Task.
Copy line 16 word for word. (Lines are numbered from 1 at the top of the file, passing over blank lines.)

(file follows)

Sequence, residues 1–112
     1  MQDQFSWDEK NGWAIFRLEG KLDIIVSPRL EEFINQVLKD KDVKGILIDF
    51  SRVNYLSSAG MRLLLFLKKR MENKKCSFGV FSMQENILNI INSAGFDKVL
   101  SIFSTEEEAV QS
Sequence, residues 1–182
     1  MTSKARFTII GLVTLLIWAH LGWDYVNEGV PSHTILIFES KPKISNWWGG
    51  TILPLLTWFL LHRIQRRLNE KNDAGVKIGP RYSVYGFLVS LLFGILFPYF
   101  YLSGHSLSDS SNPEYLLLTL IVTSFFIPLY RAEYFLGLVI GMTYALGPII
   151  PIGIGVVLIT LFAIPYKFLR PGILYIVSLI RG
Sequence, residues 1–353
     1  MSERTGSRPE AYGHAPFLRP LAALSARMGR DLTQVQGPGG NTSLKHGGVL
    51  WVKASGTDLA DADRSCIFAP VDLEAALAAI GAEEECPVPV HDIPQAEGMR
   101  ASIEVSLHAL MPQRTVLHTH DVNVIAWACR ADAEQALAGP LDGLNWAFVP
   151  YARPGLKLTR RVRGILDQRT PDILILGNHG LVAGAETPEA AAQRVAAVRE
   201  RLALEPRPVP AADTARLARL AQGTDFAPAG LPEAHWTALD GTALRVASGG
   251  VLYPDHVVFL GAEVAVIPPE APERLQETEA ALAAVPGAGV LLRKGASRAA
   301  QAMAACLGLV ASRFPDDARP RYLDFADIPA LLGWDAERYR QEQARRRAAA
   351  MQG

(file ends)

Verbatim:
   251  VLYPDHVVFL GAEVAVIPPE APERLQETEA ALAAVPGAGV LLRKGASRAA